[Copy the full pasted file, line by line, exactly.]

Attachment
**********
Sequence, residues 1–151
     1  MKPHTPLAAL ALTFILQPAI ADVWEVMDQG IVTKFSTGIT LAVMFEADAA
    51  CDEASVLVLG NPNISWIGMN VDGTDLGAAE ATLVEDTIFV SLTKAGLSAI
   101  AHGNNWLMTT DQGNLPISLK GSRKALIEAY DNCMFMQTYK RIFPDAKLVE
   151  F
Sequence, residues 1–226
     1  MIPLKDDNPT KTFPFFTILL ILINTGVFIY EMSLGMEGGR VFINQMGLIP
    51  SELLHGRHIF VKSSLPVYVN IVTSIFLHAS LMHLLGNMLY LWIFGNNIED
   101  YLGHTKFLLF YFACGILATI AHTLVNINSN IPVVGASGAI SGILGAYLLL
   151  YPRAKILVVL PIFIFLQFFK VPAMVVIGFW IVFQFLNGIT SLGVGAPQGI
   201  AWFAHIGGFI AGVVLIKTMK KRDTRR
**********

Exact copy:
Sequence, residues 1–151
     1  MKPHTPLAAL ALTFILQPAI ADVWEVMDQG IVTKFSTGIT LAVMFEADAA
    51  CDEASVLVLG NPNISWIGMN VDGTDLGAAE ATLVEDTIFV SLTKAGLSAI
   101  AHGNNWLMTT DQGNLPISLK GSRKALIEAY DNCMFMQTYK RIFPDAKLVE
   151  F
Sequence, residues 1–226
     1  MIPLKDDNPT KTFPFFTILL ILINTGVFIY EMSLGMEGGR VFINQMGLIP
    51  SELLHGRHIF VKSSLPVYVN IVTSIFLHAS LMHLLGNMLY LWIFGNNIED
   101  YLGHTKFLLF YFACGILATI AHTLVNINSN IPVVGASGAI SGILGAYLLL
   151  YPRAKILVVL PIFIFLQFFK VPAMVVIGFW IVFQFLNGIT SLGVGAPQGI
   201  AWFAHIGGFI AGVVLIKTMK KRDTRR